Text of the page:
London Bookshops are no longer seen restrictively as retailing and publishing venues where books were made and sold. Whether it be in the City or in the polite West End, they fulfilled a wide range of functions (mail, banking, politics). Their crucial significance in various social circles could be best explained by the connections to other public places such as coffee-houses, taverns, markets and many cultural institutions (clubs, libraries, antiquarian circles).
The ancient city of Bath renowned for its waters ever since the Roman era played a decisive role in reinventing spa sociability in the first half of the eighteenth century. At a time when the British nation was being forged, manners were crucial in the rivalry with France, as they were redefined in an attempt to create a distinct model of sociability.
At London’s Theatre Royal, Drury Lane, sociability practices were realized, queried and transformed by actors and audiences. This entry describes the theatre’s physical spaces, then considers modes of sociability within the theatre, from normative theatre-going practices to disruptions such as riots.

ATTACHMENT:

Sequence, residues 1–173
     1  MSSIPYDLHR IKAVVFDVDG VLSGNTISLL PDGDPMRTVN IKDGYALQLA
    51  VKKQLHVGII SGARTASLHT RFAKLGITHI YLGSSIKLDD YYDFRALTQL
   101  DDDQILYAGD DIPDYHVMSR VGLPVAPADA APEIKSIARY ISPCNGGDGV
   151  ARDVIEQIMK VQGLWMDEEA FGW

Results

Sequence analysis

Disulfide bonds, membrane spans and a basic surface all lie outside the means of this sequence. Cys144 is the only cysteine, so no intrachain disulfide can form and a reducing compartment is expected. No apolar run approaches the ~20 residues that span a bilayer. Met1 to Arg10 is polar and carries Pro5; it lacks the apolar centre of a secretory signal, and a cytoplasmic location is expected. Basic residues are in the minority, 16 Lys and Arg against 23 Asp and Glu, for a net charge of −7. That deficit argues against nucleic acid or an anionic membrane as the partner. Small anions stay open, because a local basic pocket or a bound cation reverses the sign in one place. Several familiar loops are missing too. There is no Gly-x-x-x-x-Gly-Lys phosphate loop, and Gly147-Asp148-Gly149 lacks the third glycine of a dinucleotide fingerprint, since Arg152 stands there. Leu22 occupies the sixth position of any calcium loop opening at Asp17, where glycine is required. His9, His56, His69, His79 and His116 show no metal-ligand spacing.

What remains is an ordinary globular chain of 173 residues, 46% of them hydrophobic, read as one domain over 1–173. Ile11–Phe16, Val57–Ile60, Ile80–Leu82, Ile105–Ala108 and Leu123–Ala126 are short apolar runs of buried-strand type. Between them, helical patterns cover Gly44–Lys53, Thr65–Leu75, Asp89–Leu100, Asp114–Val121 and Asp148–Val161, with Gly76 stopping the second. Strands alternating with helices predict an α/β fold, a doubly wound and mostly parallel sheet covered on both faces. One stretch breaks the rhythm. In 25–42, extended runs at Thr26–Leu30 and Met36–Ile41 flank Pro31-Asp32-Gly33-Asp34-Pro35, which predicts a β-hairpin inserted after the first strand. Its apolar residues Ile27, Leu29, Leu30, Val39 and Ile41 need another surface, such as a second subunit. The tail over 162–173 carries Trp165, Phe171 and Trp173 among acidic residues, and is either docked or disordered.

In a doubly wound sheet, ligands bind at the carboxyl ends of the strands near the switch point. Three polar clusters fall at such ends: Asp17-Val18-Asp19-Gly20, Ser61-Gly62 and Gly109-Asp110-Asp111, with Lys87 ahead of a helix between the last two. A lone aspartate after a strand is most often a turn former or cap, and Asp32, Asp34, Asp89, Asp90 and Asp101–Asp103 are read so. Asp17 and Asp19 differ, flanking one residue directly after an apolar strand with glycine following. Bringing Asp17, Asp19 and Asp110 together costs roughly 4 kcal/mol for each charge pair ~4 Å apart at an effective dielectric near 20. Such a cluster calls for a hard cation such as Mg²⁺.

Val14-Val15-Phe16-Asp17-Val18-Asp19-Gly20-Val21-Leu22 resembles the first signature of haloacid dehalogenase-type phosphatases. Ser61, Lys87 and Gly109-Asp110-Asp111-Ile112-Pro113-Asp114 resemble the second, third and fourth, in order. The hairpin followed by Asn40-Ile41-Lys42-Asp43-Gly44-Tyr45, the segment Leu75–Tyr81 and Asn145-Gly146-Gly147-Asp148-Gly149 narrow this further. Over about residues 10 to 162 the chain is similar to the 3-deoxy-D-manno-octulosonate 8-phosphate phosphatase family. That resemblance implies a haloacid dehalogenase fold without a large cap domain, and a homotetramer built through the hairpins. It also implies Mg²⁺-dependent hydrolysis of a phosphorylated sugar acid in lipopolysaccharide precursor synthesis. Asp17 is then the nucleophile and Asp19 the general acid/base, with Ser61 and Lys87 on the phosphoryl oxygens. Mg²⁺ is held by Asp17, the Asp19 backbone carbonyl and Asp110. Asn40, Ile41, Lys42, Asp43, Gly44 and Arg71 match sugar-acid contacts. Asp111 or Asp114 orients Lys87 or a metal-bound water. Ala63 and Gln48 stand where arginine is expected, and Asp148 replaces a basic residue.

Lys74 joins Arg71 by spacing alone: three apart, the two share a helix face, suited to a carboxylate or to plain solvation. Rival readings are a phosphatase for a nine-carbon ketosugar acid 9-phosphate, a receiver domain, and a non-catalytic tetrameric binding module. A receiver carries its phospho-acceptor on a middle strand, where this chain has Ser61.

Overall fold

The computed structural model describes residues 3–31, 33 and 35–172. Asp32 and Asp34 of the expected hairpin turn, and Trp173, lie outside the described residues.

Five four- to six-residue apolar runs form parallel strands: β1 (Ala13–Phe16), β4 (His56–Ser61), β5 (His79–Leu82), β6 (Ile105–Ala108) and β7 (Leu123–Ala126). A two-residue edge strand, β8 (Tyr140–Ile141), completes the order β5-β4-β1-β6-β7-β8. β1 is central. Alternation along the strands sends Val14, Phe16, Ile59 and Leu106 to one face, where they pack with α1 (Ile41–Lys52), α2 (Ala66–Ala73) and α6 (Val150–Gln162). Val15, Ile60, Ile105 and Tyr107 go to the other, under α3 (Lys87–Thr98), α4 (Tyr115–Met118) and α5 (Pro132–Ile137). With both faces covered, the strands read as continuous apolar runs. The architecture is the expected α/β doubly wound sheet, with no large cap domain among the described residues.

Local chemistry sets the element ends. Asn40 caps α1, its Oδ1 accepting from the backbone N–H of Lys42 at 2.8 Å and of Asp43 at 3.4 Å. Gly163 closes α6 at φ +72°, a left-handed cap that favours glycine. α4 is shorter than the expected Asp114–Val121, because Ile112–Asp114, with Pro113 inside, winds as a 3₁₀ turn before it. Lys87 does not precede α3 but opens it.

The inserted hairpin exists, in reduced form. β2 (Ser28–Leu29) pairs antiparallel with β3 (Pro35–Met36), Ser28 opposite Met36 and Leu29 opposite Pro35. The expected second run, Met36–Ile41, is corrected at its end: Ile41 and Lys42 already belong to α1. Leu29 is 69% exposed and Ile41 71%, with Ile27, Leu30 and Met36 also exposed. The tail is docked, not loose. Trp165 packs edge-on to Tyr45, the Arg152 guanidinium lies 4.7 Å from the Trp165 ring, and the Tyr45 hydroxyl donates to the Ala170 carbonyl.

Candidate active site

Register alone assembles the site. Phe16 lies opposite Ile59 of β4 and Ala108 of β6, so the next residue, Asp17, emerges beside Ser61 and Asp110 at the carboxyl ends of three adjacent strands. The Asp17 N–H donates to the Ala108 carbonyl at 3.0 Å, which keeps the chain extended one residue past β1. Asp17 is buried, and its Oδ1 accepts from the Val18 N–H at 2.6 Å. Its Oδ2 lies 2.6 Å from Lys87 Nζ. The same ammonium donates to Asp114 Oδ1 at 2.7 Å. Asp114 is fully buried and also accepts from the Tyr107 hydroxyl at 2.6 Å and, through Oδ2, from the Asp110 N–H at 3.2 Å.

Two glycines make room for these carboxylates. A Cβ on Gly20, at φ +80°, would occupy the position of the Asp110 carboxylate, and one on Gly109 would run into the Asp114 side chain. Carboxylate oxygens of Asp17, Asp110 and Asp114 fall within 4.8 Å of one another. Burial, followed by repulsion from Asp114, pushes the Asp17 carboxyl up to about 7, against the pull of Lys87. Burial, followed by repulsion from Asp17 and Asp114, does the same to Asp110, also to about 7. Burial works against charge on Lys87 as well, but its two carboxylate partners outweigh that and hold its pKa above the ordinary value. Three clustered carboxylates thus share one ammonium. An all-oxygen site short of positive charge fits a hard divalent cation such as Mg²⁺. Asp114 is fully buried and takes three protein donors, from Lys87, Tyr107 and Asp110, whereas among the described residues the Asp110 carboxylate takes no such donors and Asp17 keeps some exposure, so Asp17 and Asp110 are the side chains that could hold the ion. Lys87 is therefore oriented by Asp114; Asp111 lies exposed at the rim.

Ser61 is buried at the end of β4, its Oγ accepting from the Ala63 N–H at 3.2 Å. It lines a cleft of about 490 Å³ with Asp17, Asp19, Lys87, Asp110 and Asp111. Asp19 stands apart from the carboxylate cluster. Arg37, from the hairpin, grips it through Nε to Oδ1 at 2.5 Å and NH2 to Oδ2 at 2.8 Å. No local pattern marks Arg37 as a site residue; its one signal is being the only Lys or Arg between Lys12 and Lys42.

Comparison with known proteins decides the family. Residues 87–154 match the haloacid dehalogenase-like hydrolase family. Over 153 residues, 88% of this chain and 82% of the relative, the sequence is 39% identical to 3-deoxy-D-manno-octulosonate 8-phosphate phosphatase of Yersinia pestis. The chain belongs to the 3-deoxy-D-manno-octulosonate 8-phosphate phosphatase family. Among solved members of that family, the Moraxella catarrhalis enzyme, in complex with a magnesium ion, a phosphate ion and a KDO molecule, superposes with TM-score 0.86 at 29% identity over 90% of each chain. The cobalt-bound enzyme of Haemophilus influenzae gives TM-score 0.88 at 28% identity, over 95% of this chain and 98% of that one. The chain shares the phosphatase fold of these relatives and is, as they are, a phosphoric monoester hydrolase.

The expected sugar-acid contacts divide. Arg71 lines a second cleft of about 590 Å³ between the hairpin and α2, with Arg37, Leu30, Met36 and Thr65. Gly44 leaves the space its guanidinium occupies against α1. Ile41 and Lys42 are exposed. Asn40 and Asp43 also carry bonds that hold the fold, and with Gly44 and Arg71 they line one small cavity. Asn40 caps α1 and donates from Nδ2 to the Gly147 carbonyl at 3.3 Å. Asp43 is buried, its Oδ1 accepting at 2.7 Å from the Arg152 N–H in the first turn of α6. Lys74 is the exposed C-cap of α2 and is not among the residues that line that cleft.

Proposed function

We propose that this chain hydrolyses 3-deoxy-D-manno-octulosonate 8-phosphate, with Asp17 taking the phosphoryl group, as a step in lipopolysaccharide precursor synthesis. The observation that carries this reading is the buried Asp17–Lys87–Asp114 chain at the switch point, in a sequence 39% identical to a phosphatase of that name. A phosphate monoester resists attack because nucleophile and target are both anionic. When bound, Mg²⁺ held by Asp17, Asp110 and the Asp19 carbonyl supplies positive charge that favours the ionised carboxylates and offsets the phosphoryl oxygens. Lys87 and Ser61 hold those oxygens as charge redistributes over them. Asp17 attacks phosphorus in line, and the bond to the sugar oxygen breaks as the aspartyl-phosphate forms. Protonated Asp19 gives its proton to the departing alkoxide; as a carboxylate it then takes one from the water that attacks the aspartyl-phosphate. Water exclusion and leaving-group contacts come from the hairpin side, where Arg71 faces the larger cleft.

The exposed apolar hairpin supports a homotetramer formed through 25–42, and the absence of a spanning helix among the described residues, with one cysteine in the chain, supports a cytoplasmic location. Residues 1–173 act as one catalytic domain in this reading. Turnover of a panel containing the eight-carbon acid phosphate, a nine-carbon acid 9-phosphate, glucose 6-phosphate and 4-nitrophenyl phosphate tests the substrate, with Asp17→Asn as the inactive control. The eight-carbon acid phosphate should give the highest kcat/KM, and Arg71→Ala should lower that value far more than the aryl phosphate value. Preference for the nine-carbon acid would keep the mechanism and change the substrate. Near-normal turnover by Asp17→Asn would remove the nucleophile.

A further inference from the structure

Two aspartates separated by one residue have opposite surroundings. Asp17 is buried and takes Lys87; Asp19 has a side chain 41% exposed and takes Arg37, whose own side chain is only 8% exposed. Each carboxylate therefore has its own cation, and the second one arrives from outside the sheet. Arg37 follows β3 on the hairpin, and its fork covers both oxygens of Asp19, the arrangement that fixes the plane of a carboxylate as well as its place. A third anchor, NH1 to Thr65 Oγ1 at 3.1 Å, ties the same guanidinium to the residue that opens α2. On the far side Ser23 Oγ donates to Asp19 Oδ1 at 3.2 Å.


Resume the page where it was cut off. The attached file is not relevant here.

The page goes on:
Grub Street was originally a real place, an existing street in London in the Cripplegate area, that derived its name from the refuse ditch (grub) that ran alongside. It had a high concentration of taverns, dosshouses, coffeehouses, and brothels – as well as publishers, booksellers, and authors.
This entry explains how the stay of James, Duke of York and Albany, and his court in Edinburgh (1679-1682) changed some of the forms of sociability. Indeed, it refashioned a royal court in the Scottish capital at a time when the merchant class had come to be the elite.
During Britain’s war with Revolutionary and Napoleonic France (1793-1815), thousands of captured French officers and other captives were placed on parole in towns across the British Isles. Paroled, sometimes for many years, these captives organised social functions, created theatre productions and started Masonic lodges with their British hosts.